Health Psychology Career Opportunities

There are four major types of health psychology careers:

  • Clinical health psychology: Focuses on treating individuals. You will focus on how the person’s lifestyle and behavior can change his overall health. A clinical health psychologist can work with people to change their bad habits or overcome major lifestyle problems. Look for titles such as health psychologists or clinical health psychologists.
  • Community health psychology: Focuses on the health of the community. You will focus on community health psychology and will look at the prevalence of diseases in certain areas what the causes are. These professionals might have titles such as community health educators or community health psychologists.
  • Occupational health psychology: Focuses on the person’s job and his health. Professionals in this specialty could work with businesses to create happier and more productive employees. This specialty is similar in industrial/organizational psychology.
  • Public health psychology: Focuses on public and government health policies and programs. These public health psychologists could work with low-income people, influence government health policies and organize public health awareness campaigns.

Featured Online Ph.D. in Health Psychology

Obtain your online Ph.D. in Health Psychology at Northcentral University and develop the skills that you need for more advanced educational opportunities in health psychology. Students spend five years learning to hone their critical health psychology thinking skills, expand their knowledge base in psychology to evaluate social, individual, organizational and global problems, and learn to practice modern research methods as you make a transition from doctoral student to a scholar in health psychology. (NCU.edu)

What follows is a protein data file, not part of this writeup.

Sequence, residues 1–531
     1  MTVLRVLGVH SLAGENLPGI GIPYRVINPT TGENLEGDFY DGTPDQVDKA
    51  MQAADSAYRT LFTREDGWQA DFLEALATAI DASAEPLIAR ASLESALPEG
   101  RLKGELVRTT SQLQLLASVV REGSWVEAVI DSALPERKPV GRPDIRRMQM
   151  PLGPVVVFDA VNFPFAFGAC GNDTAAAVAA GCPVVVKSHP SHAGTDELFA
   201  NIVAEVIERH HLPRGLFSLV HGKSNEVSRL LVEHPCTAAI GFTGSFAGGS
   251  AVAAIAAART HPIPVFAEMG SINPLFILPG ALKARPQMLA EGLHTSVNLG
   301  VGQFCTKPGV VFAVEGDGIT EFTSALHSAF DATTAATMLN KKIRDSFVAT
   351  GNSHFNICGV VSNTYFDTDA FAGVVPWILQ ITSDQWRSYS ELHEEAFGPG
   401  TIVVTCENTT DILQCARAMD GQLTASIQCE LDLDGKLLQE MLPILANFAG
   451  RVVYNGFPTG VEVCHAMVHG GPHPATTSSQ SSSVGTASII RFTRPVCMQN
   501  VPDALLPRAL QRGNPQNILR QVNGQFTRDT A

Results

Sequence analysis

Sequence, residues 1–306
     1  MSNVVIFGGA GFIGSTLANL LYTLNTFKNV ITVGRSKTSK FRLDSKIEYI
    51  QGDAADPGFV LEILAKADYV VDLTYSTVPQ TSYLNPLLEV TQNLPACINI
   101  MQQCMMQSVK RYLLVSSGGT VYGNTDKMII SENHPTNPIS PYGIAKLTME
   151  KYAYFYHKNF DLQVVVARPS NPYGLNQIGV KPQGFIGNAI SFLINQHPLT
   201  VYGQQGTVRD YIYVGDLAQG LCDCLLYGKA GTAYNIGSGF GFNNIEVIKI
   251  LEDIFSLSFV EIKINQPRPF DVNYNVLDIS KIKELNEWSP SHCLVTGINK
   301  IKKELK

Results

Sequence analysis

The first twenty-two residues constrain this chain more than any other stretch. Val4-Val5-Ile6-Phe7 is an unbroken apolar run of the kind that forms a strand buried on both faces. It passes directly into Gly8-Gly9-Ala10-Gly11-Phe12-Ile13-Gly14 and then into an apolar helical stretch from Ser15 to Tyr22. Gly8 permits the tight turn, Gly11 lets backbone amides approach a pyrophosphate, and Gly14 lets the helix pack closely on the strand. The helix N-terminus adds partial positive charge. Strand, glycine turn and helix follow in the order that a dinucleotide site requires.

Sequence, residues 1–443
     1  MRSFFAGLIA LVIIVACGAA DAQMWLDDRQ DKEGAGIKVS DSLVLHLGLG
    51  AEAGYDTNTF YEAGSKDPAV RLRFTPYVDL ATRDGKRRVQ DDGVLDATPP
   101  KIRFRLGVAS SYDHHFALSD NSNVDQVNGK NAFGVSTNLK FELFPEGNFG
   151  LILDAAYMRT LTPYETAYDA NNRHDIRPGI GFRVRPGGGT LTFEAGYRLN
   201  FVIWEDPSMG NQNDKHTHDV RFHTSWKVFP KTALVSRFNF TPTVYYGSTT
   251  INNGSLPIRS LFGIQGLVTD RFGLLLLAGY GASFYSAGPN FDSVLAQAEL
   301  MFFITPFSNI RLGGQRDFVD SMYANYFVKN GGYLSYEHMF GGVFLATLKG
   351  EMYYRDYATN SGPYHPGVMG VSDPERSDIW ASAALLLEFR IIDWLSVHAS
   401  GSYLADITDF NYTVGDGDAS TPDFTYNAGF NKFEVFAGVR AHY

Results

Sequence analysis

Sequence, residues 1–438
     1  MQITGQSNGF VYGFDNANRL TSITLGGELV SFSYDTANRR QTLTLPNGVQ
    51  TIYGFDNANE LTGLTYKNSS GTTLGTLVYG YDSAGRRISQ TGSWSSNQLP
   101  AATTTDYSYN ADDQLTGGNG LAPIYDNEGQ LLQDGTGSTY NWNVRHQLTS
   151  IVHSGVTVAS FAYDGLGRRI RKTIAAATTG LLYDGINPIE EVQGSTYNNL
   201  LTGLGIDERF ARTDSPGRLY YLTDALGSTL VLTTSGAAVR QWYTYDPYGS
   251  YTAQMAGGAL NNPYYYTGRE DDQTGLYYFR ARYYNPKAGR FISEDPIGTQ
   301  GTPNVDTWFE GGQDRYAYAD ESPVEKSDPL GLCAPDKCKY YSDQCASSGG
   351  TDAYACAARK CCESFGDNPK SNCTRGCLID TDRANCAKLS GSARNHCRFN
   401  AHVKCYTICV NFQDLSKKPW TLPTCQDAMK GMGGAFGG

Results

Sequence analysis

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With a healthcare landscape that is constantly changing, health psychologists and health consultants are in great demand. The Ph.D. in Health Psychology will familiarize you with the newest research,m theory and practice in health psychology.

This accredited program is taught by professors who hold doctoral degrees, and you will explore the vital interaction between the mind and body and factors that influence psychological and physical health, including stress and nutrition. Students also are challenged to develop solutions to modern psycho-social health problems with current research projects.

Required courses in this Ph.D. in Health Psychology are:

  • Advanced Qualitative and Quantitative Analysis and Design
  • Research Design Planning
  • Health Psychology
  • Psychosocial Factors in Health
  • Behavioral Nutrition
  • Eating Disorders and Obesity
  • Complementary and Alternative Medicine
  • Consultation and Interventions in Healthcare Settings

Conclusion

There is a strong need for health psychologists today, according to data from the APA. There is rising need to understand how health and psychology intersect in the workplace and how to reduce healthcare expenditures. Also, as people are living longer and more productive lives, they want to deal with their psychological issues and to do so in a healthy manner. A professional with a Ph.D. in health psychology will have many attractive jobs at his or her disposal.

References

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Ann Steele, Ph.D.

Ann Steele, Ph.D.

Editor-In-Chief

Ann Steele, Ph.D., is Editor-In-Chief of PsydPrograms.org. Ann has training as a clinical psychologist and psychoanalyst who has worked with adults, couples, adolescents, and preteens throughout San Diego county.